A young woman visits Bratislava in March 1945

Spread the love

Many thanks to Zbyšek Šustek, Slovak Numismatic Society at Slovak Academy of Sciences young woman Bratislava 1945

A journey of a young courageous Viennese window-dresser to Bratislava on 28 March 1945

The passport of Margarete Heinze shows that her trip was less dramatic but doubtless had very unpleasant consequences. Her journey took place only four days before the complete liberation of Bratislava by the Red Army, and she passed the only bridge in Bratislava crossing the Danube only two days before its destruction on 2 April 1945 by the retreating German troops. In the last days of March, the front line might run about 20 km easterly from the Bratislava center (Fig. 1) and rapidly near to it. young woman Bratislava 1945

young woman Bratislava 1945
Fig. 1. Dynamic shifts of front lines during the Bratislava-Brno operations of Red Army in March and April 1945 (green – state on 31 March, yellow – state on 1 April)

Some words about the bridge history

The bridge was built up in 1889-1891 and ceremonially opened by the emperor Franz Joseph I. Therefore, until 1918, it bore his name. In 1918-1919 it shortly became the border bridge between Czechoslovakia and Hungary. Then from 1919-1938 under the new name Štefánik´s Bridge, which connected Bratislava with the village Petržalka (Hungarian Ligetfalu, German Engerau), laying on the Danube right bank, which was connected to Czechoslovakia (Fig. 2). Between November 1938 and spring 1945, it again played the role of the border bridge, now between III. Reich and (shortly) Czechoslovakia and, since 15 March 1939, between Slovakia (Fig. 3-4). After the W.W.II, the damaged iron construction (Fig. 5-6) was built anew by the German prisoners commanded by soviet officers; after reconstruction, renamed to the Red Army’s Bridge and in 1990 into the Old Bridge. From 2013-2016 its construction, damaged by corrosion, was replaced by a new, of similar appearance. At both bridgeheads, little toll houses were situated to collect excise. They played the role of the border checkpoints in 1918/1919 and 1938 – 1945. They are preserved up to nowadays. One is transformed in a coffee, in other a little Custom Museum was shortly established in 2015.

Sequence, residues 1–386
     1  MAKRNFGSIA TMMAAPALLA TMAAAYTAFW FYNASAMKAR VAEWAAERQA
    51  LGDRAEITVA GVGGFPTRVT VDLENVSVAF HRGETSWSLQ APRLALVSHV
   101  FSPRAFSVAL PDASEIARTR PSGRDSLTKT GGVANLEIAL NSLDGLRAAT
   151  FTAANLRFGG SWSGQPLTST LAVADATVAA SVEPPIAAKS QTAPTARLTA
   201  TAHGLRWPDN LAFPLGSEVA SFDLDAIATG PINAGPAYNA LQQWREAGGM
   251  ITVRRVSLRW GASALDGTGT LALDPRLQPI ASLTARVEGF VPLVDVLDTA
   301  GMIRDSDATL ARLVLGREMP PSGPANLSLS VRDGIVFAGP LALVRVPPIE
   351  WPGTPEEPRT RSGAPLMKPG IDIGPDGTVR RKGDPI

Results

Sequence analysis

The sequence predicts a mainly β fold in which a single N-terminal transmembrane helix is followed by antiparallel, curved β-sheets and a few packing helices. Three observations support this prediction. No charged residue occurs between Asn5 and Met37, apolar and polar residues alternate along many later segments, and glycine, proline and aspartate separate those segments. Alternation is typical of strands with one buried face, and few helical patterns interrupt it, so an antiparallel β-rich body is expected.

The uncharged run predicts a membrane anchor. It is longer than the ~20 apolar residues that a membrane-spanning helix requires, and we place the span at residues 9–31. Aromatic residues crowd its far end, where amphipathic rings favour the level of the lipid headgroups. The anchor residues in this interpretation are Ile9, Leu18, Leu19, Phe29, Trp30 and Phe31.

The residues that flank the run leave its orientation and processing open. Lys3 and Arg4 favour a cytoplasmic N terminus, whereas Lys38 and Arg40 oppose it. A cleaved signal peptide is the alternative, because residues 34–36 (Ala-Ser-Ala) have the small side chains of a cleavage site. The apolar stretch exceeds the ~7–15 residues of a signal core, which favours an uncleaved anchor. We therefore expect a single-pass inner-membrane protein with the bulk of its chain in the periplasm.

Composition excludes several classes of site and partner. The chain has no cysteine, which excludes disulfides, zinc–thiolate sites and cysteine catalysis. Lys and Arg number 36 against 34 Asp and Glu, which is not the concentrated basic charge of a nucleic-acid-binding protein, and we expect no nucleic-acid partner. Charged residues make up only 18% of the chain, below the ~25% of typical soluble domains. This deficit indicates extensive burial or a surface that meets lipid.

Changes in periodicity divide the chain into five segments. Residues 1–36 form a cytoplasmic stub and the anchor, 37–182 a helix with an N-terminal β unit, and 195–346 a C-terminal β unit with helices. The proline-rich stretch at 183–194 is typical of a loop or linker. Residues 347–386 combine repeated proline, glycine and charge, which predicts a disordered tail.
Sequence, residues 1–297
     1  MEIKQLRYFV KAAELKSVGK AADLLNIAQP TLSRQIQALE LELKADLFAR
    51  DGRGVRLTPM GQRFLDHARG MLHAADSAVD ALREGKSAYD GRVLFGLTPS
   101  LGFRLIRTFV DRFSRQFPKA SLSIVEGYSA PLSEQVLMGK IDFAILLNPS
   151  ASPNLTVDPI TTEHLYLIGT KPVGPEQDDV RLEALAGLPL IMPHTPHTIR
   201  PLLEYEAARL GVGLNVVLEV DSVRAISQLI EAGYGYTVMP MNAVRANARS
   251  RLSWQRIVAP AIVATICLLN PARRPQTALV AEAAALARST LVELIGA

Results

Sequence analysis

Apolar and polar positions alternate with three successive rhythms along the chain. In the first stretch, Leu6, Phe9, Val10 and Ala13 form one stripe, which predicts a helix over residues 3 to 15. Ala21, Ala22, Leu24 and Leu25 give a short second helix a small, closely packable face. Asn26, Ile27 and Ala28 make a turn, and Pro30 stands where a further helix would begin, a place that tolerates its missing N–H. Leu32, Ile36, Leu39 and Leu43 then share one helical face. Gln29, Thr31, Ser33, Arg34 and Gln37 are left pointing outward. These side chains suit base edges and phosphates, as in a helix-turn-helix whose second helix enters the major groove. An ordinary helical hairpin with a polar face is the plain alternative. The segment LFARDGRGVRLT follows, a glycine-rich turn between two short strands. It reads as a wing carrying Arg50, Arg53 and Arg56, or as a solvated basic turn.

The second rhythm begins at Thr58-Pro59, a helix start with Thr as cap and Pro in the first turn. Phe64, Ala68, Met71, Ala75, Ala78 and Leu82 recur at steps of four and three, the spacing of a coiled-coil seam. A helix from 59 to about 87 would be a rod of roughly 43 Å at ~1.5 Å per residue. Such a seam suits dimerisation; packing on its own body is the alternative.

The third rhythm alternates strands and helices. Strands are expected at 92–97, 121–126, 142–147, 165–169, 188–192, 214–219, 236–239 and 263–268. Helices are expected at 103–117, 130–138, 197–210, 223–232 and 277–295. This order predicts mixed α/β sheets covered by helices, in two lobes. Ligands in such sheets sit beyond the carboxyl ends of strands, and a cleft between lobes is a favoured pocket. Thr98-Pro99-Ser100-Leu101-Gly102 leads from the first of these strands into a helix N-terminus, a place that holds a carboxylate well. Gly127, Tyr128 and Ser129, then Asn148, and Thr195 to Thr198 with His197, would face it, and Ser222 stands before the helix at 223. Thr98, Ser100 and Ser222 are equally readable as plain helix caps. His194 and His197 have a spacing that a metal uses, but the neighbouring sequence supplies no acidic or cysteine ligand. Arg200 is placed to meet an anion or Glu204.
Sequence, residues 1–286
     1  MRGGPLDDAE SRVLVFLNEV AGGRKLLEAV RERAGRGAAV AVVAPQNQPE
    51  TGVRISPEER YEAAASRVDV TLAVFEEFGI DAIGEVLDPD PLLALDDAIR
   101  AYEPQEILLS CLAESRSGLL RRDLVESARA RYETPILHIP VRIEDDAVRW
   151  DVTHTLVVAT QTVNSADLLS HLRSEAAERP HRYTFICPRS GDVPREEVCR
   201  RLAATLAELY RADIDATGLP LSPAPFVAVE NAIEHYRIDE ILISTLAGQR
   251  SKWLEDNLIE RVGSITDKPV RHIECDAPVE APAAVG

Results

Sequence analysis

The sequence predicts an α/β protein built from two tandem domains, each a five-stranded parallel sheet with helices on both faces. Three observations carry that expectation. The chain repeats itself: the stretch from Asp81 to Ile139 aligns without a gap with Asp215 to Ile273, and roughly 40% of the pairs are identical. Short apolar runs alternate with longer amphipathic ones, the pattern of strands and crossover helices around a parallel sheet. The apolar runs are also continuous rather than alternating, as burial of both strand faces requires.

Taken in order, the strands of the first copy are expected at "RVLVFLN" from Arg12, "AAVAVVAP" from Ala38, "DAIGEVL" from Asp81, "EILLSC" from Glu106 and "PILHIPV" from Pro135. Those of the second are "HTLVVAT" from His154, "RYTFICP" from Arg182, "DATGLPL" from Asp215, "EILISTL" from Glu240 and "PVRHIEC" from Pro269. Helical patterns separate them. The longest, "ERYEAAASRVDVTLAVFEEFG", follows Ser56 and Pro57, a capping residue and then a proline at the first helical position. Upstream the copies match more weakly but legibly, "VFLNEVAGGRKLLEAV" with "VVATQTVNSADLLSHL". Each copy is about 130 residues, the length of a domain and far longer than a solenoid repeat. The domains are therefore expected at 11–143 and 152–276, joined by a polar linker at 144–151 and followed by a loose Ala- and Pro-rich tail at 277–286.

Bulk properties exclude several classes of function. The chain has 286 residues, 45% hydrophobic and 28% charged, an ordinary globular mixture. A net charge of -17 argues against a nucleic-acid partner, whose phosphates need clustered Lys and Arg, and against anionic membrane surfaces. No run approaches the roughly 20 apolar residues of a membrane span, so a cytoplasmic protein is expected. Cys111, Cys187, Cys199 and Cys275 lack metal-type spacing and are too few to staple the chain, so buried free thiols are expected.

The passport and Margarete´s journey young woman Bratislava 1945

young woman Bratislava 1945
Fig. 7-1. Cover of Margarete´s passport with a seal of the Viennese Municipal Authority and one schilling tax mark from 1950

Margarete got her passport in Vienna on 27 March 1945, only 16 days before the liberation of Vienna by the Red Army on 13 April (Fig. 7: 2-4), but with an “optimistic” validity of one year. On the same day, she also got a permit to travel repeatedly to Slovakia (Fig. 7-5) and to use only two border checkpoints – Marcheg, a railway checkpoint near to Bratislava, and Engerau at the Štefák´s bridge, a road checkpoint. She was using other checkpoints between III. Reich and Slovakia would have required to travel trough the Protectorate of Bohemia and Moravia, which was administratively a little complicated. The next day, on 28 March, she promptly got Slovak multiple (permanent) service visa, valid one month, to 28 April (Fig. 7: 6). The next day, on 29 March, she exchanged 3480 Slovak crowns (Fig. 7: 7 above), a considerable amount of money, equivalent to 280 Reichsmarks according to the official, artificially depreciated clearing exchange rate, but according to the Bratislava Stock Exchange Market in 1944 and simultaneously black market 890 Reichsmarks. This sum corresponded to 7-8 average monthly salaries of workers, 1.5 – 2 salaries of well-situated persons, a superior radio cost 2750 crowns. young woman Bratislava 1945

On the same day, she came to Bratislava, stayed there for two days and on 31. March, she returned: to III. Reich (Fig. 7: 5 and 6). However, the momentary situation on the front did not allow her to return home to Vienna. What happened exactly is unclear. But she was attached to an evacuation transport of the Foreign Ministry that ended in a small town Kitzbühel in Tyrol, in west Austria. This fact was confirmed (Fig. 7: 7 in the center), on 1 May in Kitzbühel, by the plenipotentiary of Foreign Ministry for Sudeten (Sudeten – in a proper sense the German name of the Jeseníky Mts. in North Moravia and South Silesia, but on a broader sense all border areas of Bohemia and Moravia populated until 1946-1947 by German majority and in autumn 1938 annexed by III. Reich). This indicates that this transport might pass through the southern parts of Moravia and Bohemia. young woman Bratislava 1945

The purpose of the Margarets trip is unknown. Just hypothetically, based on her service visa and a considerable sum of exchanged money, we can presume that she went to Bratislava to buy something for her profession of window-dresser. Her next destiny is also unknown. It seems that she stayed in Vienna, and at the beginning of the 1950s, her passport was registered by the Viennese municipal authority for the tax of one schilling (Fig. 7: 1), perhaps in connection with asking a new Austrian passport. young woman Bratislava 1945